Sleepwear is not just a matter of clothes – it’s a cultural universe, a history of social transformation. It’s become a philosophy of leisure, an object of fashion and a staple for an exquisite sense of lounging.
Like any other human concept, sleepwear is charged with the ways in which context shapes the meanings of things. It’s tied to the shifting understandings of intimacy and privacy. It’s affiliated to the ways in which specific landscapes provide certain materials and sartorial habits. It leads to the ways in which individuals have separated the private and public realms (and what happens there if one is male or female.) It can be a way of looking into changing ideas of sensuality and comfort.
Sleepwear speaks about cultural exchange, colonialism, early cinema, and revolutionary silhouettes for women. It’s the very materialization of what one needs when in the private world: a sense of deliberate, careless dishabillé chic.
Fascination Street Vintage
Fascination Street Vintage
In the early 1920s, women were not yet allowed to wear pants. And yet, visionary Paul Poiret was reading into the female psyche; then longing for a sense of liberation and easiness in clothes. It was 1922 when Poiret proposed women wear sensuous, easy, lose-fit, comfortable, bright-colored silks for their time indoors. Intimate sartorial habits are, of course, connected to the delight of rest, the easiness when longs when inhabiting private moments and chambers.
As a style object, pajamas bear changing meanings. The term pyjama is rooted in Persian culture. It refers to a loose leg garment. During the Ottoman Empire, pajamas were meant for male individuals, who wore them in standard ways, in linen tunics. It was the end of the 19th century, when British colonizers assimilated the casual flare for lounging hours and eventually for sleep and rest.
Sleepwear began as shapeless and plain garments but was touched by the whims of fashion and the possibilities brought forth by an increasingly industrialized world. Fashion is all about variety, proportions, silhouettes, cuts, fabrics, colors, as much as it is about technology advancements and social possibilities.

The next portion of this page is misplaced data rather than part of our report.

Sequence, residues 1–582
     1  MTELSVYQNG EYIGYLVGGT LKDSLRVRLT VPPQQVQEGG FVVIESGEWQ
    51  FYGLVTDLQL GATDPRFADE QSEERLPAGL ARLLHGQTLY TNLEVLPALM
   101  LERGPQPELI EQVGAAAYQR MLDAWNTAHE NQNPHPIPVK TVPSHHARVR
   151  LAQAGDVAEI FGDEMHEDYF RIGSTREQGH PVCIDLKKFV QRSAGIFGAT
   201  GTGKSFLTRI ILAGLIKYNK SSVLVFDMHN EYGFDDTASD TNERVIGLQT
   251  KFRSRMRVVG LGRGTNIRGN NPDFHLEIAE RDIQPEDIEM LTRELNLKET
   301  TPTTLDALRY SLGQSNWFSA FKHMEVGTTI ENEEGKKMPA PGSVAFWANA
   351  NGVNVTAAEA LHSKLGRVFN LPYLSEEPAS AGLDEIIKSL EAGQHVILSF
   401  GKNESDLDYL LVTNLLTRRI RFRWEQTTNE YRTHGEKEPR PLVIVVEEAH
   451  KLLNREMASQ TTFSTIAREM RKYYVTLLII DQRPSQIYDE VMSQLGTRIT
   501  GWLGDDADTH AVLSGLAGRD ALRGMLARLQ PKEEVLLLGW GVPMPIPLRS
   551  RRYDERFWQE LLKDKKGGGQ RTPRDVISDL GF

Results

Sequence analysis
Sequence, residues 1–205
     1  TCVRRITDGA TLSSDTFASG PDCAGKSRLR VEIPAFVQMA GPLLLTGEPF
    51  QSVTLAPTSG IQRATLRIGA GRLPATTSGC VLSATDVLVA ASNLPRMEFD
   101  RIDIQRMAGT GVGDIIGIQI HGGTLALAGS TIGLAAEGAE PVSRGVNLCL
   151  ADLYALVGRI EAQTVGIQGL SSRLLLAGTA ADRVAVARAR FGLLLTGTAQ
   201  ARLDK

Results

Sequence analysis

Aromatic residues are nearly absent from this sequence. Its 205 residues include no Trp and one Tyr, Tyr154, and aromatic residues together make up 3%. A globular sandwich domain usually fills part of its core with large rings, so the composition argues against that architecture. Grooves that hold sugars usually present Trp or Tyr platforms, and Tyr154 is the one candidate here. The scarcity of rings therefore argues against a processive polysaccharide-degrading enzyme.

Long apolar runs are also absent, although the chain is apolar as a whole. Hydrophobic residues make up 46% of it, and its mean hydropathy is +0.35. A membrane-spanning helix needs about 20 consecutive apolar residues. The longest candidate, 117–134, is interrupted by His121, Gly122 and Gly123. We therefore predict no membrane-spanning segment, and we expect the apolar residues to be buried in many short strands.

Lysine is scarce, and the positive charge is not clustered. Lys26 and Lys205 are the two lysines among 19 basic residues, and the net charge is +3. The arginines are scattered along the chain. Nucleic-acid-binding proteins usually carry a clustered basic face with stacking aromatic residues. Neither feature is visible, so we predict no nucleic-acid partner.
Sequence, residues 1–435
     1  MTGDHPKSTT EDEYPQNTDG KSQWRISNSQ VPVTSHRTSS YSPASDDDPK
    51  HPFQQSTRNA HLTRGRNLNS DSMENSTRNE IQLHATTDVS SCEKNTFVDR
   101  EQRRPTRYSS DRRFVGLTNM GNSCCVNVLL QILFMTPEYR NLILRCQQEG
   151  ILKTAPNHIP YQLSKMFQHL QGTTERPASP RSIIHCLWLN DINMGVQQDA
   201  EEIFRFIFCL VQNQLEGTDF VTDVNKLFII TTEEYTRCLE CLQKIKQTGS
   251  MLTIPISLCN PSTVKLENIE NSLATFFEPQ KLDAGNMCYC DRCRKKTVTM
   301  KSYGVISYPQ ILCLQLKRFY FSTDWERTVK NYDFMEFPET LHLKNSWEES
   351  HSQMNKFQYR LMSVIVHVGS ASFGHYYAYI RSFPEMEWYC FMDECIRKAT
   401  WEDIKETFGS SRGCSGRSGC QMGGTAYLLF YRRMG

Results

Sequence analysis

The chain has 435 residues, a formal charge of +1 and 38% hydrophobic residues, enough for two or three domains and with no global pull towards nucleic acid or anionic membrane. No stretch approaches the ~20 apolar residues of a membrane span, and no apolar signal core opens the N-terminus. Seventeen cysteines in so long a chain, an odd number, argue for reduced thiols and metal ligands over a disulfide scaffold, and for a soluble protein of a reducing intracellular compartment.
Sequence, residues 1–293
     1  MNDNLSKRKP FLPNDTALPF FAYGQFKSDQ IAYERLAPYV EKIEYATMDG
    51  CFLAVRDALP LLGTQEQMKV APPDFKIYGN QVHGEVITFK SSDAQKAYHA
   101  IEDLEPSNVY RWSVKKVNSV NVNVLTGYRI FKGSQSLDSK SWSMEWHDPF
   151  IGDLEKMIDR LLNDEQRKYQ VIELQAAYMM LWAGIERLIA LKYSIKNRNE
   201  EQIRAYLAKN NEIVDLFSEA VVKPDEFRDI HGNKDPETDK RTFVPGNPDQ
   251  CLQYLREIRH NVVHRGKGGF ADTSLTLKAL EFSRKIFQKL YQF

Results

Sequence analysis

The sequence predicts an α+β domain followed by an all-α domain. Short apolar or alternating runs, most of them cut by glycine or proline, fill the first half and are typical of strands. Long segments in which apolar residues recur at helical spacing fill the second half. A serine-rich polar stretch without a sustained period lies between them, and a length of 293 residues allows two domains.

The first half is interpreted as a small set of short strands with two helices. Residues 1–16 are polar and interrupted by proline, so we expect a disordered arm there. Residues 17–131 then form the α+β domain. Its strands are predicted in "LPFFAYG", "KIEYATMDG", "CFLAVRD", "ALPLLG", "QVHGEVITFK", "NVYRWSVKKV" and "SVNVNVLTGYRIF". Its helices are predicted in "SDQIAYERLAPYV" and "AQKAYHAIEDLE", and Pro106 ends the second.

In 1924, Vogue magazine declared: “the pyjama is not an amusing novelty; it has become an essential part of the smart woman’s wardrobe’. It praised silk and Crepe de chine, it celebrated boyish shapes, but also distinguished between lounging and beach piyamas. Hence, the always close ties between sleepwear and loungewear. Touching upon eachother, women’s pajamas also became highly stylized, and inmortalized within the time’s biggest visual spectacle: the cinema. Glamorous starlets began wearing them in a myriad of stylish variations – frequently influenced by Oriental nuances and undertones that understood the exotic as a delicious way of leisure as well. Evening pajamas are, of course, also linked to Coco Chanel, a master of easy chicness.
Sleepwear was also shaped by the World Wars, ideals of femininity, female liberations. They also mixed with close staples: kimonos, host-dressing pieces, caftans. As moral attitudes relaxed and eclecticism set in, it reflected in nightwear as well. Pajamas also reflected all sort of femininities. They ranged from ladylike, conservative options, to playful, sexy and youthful expressions. Menswear persistently shaped pajama trends, and when the spirit of unisex clothes took over the 70s, it became more common for women to wear matching, masculine sets.
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In the past few years, with fashion constantly hungry to create a sense of novelty, pajama dressing has become a celebrated street-style trend. It speaks about the ways in which contemporary women are significantly persuaded of the ways in which easy clothes can create a type of sensuality based on comfort and ease. As Mademoiselle Chanel envisioned it. We too believe in the powers of laziness made chic. Light weight, soft touch, fine fabrics and a philosophy driven by sustainability are part of a vision that sees sleepwear as a way of making everything a composition in the aesthete’s way of living.
The Fashion Spot